Friday, October 06, 2017

Live Personal Soundtrack with Giacomo Fiore

Chris Kallmyer and Mark Allen's Live Personal Soundtrack, a conceptual art piece from the Soundtracks exhibit at SFMOMA, involves an individual patron being serenaded by an electronic guitarist as they wander the permanent collection on the second floor of the museum.

The duo are sonically connected via headphones which feels oddly intimate since they are sharing a musical experience that nobody around them can hear.

Different musicians are in residence on different days, Thursday through Sunday from 12 to 3 PM, and last Saturday my friend Louisa Spier and I were treated to the luxury musicianship of Giacomo Fiore, a classical guitarist who teaches at the San Francisco Conservatory of Music.

The museumgoer leads the guitarist to various works of art who then improvises a musical reaction, and it is a strange, slightly telepathic experience, where I found myself noticing new details in familiar paintings on account of the sonic mind meld.

For some reason, the guitarist has been hidden in a stairwell in an unpopulated section of the second floor, but ask around and you will eventually find the place to sign up. Highly recommended, and if you happen to stumble across an afternoon featuring Giacomo Fiore, you are very lucky.

Tuesday, October 03, 2017

Bartok and Berlioz at the SF Symphony

Last week's SF Symphony program featured two eccentric masterpieces, Bartok's Second Piano Concerto from 1931 and Berlioz's first symphony, the 1832 Symphonie Fantastique. The Bartok soloist was Jeremy Denk above, who did a magnificent job in one of the most difficult pieces of piano music in the repertory. The concerto bounces back and forth between quick, percussive, astringent melodies and strange, delicate, moody night music, with Denk making sense of the disparate elements which is not always the case. For an encore he played a delicate, simple Mozart adagio which was spellbinding, partly because Denk has such an unusual affinity for the composer's music. I discovered Denk at a 2007 Summer in the City pops concert, where he and the young conductor James Gaffigan created totally unexpected Mozartean magic, and have been following him ever since. It's nice to report that he can also play Bartok at his most fiendish with aplomb.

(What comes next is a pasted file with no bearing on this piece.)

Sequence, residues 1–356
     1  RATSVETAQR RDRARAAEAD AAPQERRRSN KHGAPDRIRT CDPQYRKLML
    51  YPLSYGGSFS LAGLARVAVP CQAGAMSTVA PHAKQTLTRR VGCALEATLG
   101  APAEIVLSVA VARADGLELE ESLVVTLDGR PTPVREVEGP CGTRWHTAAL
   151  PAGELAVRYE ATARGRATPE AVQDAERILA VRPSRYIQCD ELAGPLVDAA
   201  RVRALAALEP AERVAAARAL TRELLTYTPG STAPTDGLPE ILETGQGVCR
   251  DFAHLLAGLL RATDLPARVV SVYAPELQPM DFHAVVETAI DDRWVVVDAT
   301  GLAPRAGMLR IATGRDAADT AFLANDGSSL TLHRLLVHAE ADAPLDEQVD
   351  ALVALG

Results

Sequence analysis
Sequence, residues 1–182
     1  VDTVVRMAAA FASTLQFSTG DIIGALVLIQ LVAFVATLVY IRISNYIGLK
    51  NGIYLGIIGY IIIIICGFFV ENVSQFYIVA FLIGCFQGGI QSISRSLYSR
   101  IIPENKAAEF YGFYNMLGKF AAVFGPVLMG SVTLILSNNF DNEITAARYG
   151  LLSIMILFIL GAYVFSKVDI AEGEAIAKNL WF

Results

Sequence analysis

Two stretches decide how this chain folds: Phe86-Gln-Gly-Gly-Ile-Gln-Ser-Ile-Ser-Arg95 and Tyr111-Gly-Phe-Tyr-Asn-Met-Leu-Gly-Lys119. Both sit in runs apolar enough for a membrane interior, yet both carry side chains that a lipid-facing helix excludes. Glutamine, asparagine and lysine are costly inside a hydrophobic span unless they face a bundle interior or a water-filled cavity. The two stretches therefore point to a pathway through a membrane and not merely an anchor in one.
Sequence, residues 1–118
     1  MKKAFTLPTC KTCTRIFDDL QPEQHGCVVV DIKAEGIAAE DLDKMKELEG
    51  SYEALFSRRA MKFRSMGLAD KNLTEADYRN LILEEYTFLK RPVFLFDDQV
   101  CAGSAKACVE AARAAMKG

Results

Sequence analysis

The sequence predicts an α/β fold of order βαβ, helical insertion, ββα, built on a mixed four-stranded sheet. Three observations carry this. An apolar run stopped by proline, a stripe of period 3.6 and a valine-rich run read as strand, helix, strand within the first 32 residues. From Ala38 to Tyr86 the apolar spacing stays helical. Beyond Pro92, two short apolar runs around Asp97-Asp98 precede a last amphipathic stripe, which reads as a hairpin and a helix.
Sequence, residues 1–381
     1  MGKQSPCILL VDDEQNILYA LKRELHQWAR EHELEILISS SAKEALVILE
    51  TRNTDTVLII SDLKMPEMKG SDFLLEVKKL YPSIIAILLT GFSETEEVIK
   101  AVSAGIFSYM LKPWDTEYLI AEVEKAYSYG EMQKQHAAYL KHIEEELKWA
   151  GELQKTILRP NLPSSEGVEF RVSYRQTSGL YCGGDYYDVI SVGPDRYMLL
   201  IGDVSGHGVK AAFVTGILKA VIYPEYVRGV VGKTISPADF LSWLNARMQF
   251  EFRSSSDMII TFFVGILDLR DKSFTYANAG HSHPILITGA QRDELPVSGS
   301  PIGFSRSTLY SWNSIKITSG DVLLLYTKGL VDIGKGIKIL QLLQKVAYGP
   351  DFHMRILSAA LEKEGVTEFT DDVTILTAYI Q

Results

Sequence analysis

The Berlioz Symphonie Fantastique after intermission did not make me as happy. The wildly bizarre early 19th century symphony that smashed open the doors of Romanticism was written by a lovesick composer in his 20s who sets the second half of the hour-long piece in a bad trip opium nightmare, marching with a famous earworm to the gallows before falling into the middle of a witches' sabbath. The orchestra under Michael Tilson Thomas sounded great, like a sleek machine, with all imperfections smoothed out, but I wanted the feeling of being inside the crazy opium visions of the young Berlioz. This was a minority opinion, by the way, since my friend Patrick enjoyed himself as did Joshua Kosman at the SF Chronicle and a gentleman across the aisle from me at Davies Hall whose entire body was rocking with the music in an amusingly spastic, slightly off-the-beat way.